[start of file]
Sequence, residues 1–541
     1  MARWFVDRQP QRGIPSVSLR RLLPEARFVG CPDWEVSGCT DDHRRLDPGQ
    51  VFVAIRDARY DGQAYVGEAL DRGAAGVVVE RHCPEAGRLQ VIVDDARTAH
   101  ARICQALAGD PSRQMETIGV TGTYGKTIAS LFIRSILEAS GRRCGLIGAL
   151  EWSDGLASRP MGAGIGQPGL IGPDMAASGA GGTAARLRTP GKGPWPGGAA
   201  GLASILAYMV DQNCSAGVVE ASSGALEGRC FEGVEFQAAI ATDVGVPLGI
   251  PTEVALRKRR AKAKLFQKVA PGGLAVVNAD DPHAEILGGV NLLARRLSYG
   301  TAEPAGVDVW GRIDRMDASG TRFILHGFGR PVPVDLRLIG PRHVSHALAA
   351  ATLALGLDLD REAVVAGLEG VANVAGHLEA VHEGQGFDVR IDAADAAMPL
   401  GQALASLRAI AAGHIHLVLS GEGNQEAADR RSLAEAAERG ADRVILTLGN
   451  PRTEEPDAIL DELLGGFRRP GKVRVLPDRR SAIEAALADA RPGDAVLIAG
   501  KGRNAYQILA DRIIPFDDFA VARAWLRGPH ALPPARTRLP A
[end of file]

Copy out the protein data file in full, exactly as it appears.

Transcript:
Sequence, residues 1–541
     1  MARWFVDRQP QRGIPSVSLR RLLPEARFVG CPDWEVSGCT DDHRRLDPGQ
    51  VFVAIRDARY DGQAYVGEAL DRGAAGVVVE RHCPEAGRLQ VIVDDARTAH
   101  ARICQALAGD PSRQMETIGV TGTYGKTIAS LFIRSILEAS GRRCGLIGAL
   151  EWSDGLASRP MGAGIGQPGL IGPDMAASGA GGTAARLRTP GKGPWPGGAA
   201  GLASILAYMV DQNCSAGVVE ASSGALEGRC FEGVEFQAAI ATDVGVPLGI
   251  PTEVALRKRR AKAKLFQKVA PGGLAVVNAD DPHAEILGGV NLLARRLSYG
   301  TAEPAGVDVW GRIDRMDASG TRFILHGFGR PVPVDLRLIG PRHVSHALAA
   351  ATLALGLDLD REAVVAGLEG VANVAGHLEA VHEGQGFDVR IDAADAAMPL
   401  GQALASLRAI AAGHIHLVLS GEGNQEAADR RSLAEAAERG ADRVILTLGN
   451  PRTEEPDAIL DELLGGFRRP GKVRVLPDRR SAIEAALADA RPGDAVLIAG
   501  KGRNAYQILA DRIIPFDDFA VARAWLRGPH ALPPARTRLP A